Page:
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Small Business Spotlight: Harry Mayer Clothiers

40 years of family service

Son and namesake running the business just like his dad

The late Harry Mayer Sr. immigrated to the United States from Germany at 17. He couldn’t speak a word of English when he settled with relatives in Meridian.

But after working for 34 years at a local department store, Mayer opened his own shop, Harry Mayer Clothiers in 1972.

In 1980, his son and namesake, Harry Mayer Jr., joined him in the business, which remains open today selling men’s and women’s apparel.

“We’ve been very fortunate,” Mayer said.

For 33 years the store was operated downtown until a move five years ago to Mississippi 39.

Mayer said providing great customer service is the key to the store’s survival.

“Customer service is given more lip service than anything else these days, but we are a true relationship store – not a transaction store,” Mayer said. “Since the day we opened, we have had the greatest customers you could ever have. They are more friends than they are our customers.”

Harry Mayer Clothiers offers upscale, unique apparel that can’t be found in department stores or mass merchandisers, Mayer said.

Brands for men include Jack Victor, Patagonia, Southern Tide sportswear, Mountain Hardwear, Mountain Khakis, Gitman Brothers shirts, Cole Haan shoes, Scott Barber, Peter Millar and Chaco.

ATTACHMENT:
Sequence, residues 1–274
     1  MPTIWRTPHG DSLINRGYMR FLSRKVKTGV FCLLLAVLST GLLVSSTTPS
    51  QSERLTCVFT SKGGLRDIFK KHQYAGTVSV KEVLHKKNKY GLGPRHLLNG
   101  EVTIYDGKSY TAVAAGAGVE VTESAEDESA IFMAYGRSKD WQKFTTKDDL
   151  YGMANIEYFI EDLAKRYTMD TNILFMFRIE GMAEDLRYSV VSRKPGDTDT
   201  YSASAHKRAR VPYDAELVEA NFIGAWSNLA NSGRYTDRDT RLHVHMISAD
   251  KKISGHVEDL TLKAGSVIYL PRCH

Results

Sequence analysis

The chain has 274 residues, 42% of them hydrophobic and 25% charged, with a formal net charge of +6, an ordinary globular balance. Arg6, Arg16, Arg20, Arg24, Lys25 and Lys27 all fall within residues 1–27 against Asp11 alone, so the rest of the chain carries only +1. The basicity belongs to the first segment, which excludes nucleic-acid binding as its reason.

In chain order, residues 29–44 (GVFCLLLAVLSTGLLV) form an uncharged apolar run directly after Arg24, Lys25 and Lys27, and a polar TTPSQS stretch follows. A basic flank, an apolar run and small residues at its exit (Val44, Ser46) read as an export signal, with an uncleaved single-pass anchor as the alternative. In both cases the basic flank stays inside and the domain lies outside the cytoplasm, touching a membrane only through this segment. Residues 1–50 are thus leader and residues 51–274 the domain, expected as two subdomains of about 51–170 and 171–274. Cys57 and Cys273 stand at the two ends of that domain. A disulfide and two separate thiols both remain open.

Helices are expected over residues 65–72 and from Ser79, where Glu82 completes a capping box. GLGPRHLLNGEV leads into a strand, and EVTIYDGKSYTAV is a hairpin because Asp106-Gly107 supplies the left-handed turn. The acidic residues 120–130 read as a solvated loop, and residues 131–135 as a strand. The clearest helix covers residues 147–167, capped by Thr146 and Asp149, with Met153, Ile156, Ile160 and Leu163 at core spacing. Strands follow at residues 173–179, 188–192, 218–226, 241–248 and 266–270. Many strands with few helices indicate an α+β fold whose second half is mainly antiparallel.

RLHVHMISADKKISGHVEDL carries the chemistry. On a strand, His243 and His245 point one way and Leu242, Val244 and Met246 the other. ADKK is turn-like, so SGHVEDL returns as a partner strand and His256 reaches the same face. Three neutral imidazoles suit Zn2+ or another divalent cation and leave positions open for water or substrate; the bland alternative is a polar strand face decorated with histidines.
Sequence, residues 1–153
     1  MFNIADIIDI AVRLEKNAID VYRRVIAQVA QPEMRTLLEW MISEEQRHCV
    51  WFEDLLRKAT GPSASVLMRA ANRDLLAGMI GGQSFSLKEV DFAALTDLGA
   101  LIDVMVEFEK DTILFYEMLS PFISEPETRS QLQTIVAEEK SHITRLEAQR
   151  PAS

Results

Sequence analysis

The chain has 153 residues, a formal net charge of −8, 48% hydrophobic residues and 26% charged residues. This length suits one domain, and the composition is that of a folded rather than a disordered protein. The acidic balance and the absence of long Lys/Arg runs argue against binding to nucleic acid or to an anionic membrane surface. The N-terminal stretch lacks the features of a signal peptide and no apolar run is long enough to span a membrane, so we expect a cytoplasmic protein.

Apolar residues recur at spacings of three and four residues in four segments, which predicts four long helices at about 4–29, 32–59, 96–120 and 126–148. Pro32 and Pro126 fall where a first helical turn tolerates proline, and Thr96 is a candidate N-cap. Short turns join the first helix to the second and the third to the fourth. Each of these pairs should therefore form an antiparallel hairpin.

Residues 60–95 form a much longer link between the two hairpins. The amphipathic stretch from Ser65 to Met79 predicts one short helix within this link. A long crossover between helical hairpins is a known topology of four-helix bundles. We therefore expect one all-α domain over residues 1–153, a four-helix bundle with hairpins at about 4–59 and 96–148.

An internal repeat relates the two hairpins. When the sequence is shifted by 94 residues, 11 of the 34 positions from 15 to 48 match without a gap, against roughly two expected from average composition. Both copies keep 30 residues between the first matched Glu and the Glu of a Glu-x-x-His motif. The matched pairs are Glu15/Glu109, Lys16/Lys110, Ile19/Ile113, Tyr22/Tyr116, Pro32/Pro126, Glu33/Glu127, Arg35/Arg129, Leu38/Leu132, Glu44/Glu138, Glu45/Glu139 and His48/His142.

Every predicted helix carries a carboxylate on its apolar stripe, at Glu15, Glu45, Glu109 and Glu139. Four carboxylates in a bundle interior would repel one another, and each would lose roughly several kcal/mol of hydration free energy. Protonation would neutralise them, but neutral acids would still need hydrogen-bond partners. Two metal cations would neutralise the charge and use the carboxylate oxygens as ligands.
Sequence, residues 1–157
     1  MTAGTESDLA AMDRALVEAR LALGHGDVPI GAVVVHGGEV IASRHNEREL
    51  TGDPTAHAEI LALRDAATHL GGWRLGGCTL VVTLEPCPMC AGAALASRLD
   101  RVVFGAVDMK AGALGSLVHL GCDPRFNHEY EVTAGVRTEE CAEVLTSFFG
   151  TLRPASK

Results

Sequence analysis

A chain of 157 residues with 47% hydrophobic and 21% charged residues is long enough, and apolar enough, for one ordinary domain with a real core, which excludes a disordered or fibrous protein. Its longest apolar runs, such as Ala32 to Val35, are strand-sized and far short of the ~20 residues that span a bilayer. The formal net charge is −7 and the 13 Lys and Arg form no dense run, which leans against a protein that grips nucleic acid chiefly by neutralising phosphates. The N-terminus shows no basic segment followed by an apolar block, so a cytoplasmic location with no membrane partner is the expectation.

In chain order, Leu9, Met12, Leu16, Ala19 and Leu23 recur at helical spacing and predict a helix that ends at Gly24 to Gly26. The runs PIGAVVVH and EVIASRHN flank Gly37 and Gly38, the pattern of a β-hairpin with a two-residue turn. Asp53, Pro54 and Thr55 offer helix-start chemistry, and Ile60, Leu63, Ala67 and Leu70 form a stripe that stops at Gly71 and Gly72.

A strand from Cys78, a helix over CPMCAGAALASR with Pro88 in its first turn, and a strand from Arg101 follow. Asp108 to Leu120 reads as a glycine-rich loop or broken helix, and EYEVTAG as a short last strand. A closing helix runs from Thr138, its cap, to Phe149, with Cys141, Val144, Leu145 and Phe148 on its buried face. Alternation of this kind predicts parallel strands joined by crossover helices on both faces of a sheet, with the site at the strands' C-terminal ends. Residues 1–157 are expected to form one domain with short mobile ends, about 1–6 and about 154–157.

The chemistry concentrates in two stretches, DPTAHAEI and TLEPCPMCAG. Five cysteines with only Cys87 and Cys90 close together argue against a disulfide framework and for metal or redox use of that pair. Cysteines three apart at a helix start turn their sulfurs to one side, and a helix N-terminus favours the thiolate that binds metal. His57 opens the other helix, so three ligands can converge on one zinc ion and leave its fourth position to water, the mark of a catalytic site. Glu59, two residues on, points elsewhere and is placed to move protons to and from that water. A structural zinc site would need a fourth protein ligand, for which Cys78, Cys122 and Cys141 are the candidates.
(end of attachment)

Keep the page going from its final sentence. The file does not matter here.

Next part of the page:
Opened as a men’s shop, the store began offering ladies apparel in 1997 and has had success selling contemporary sportswear for ladies like footwear by Ugg and premium denims like Paige Premium Denim and Citizens of Humanity.

Mayer has seen the market move from a tailored look to a dressy-casual or very casual fashion. He noted that 90 percent of the suits sold in the store today are bought for social occasions rather than business.

“As the years have gone by the world’s gotten more casual,” he said.

Offering casual, contemporary clothing allows Harry Mayer Clothiers to serve a younger clientele.

“Our outdoor segment has given the company great energy,” he said. “Comfort is of high importance now, from the way you dress to the shoe on your foot.”

Having the right personnel is also important to the success of Harry Mayer Clothiers, Mayer said.

He said Amy Kamper, who runs ladies apparel, is his right arm, and said he couldn’t survive without David Jenkins, who’s been with the company for 38 years in men’s sales. Monte Ellis has been with the company for years, and the store’s tailor, Beverly Burns, can “make anything in the world with a needle and thread.”

“We’re in a high service-oriented business, and we try to attract people who share our culture and values,” he said. “We have a servant’s heart.”

“We’re very, very blessed. The good Lord has been mighty good to us.”

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